While some have questions, others have objections. How are we to deal with complaints? We would not just jump into the answer, as it would be prudent to find out how this objection came about; asking them ‘what gave rise to this concern?’ For example, a person may misunderstand why God has allowed wickedness, pain, suffering, old age and death for a time. This is because he is confused by those who say everything that has happened and is to happen is how God willed it to be, meaning that free will is not really a reality, and the wicked act of a terrorist cutting the heads off of little children publicly is a part of God’s will. This is very unbiblical, and we should empathize with why he is upset and has built up objections. Many objections are the result of a lack of understanding, an unbiblical viewpoint. It is best if we clarify what he has heard, how he understands what he has heard, and then go about rightly explaining what the Bible actually says on the matter.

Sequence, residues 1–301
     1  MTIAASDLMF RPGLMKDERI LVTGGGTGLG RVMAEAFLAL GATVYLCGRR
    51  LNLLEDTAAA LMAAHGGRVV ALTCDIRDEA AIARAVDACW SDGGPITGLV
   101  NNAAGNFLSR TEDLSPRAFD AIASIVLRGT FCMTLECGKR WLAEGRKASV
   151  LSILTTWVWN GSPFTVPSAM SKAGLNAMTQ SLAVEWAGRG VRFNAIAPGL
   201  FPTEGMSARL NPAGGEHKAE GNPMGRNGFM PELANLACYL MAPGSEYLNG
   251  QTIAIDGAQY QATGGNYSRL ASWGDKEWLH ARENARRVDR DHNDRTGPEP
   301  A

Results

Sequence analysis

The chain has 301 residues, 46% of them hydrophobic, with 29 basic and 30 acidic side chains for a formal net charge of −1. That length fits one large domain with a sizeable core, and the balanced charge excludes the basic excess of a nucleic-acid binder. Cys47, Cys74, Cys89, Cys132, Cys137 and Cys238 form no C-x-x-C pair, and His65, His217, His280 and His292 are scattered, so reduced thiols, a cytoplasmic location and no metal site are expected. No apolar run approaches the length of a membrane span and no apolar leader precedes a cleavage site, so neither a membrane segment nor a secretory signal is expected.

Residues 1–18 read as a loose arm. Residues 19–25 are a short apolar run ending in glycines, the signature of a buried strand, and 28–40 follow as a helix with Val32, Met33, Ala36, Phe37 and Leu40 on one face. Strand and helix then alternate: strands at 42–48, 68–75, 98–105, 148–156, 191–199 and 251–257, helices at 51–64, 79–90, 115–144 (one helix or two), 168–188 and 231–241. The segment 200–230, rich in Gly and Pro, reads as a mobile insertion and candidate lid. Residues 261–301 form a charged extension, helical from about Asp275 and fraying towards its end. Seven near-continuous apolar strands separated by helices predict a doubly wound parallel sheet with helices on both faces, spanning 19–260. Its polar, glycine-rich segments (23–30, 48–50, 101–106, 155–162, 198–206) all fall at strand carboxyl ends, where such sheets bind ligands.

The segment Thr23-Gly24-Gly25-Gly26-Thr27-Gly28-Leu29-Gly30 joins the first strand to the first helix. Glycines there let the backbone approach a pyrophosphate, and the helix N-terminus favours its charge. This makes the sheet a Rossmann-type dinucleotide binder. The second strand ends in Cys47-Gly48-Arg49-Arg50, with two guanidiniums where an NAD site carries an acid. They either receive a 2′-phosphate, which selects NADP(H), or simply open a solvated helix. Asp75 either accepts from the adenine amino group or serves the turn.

Another approach is to prevent objections from putting us at odds with each other, as though we were opponents. We can evidence that his objection is of mutual interest. In other words, when we hear an objection, we should not be put off by it, but rather express it as a point the other should be concerned about. For instance, we could say, ‘it is good that you brought up wickedness and suffering, it is something that should concern all of us, and we should expect a reasoned answer to such an important issue.’ By such an approach, this one may gain a measure of trust and respect for us, opening his mind, where it was closed before, hoping for answers from the Bible.